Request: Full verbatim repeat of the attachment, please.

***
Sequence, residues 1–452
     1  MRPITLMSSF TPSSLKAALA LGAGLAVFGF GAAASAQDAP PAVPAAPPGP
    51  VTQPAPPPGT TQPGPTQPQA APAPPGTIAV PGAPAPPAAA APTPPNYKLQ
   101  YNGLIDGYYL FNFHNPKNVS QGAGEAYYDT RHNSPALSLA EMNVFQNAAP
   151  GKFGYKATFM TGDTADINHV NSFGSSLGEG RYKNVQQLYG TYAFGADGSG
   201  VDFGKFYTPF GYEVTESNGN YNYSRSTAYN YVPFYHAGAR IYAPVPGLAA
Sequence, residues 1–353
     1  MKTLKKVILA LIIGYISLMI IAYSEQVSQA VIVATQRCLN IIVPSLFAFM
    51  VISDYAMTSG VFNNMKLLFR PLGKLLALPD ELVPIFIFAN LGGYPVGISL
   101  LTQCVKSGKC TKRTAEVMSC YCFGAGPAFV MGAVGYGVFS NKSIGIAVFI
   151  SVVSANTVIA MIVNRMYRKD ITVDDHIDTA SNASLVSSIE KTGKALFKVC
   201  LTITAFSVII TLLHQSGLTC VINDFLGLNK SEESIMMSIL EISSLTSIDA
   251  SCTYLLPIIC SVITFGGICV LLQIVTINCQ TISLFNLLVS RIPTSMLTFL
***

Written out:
Sequence, residues 1–452
     1  MRPITLMSSF TPSSLKAALA LGAGLAVFGF GAAASAQDAP PAVPAAPPGP
    51  VTQPAPPPGT TQPGPTQPQA APAPPGTIAV PGAPAPPAAA APTPPNYKLQ
   101  YNGLIDGYYL FNFHNPKNVS QGAGEAYYDT RHNSPALSLA EMNVFQNAAP
   151  GKFGYKATFM TGDTADINHV NSFGSSLGEG RYKNVQQLYG TYAFGADGSG
   201  VDFGKFYTPF GYEVTESNGN YNYSRSTAYN YVPFYHAGAR IYAPVPGLAA
Sequence, residues 1–353
     1  MKTLKKVILA LIIGYISLMI IAYSEQVSQA VIVATQRCLN IIVPSLFAFM
    51  VISDYAMTSG VFNNMKLLFR PLGKLLALPD ELVPIFIFAN LGGYPVGISL
   101  LTQCVKSGKC TKRTAEVMSC YCFGAGPAFV MGAVGYGVFS NKSIGIAVFI
   151  SVVSANTVIA MIVNRMYRKD ITVDDHIDTA SNASLVSSIE KTGKALFKVC
   201  LTITAFSVII TLLHQSGLTC VINDFLGLNK SEESIMMSIL EISSLTSIDA
   251  SCTYLLPIIC SVITFGGICV LLQIVTINCQ TISLFNLLVS RIPTSMLTFL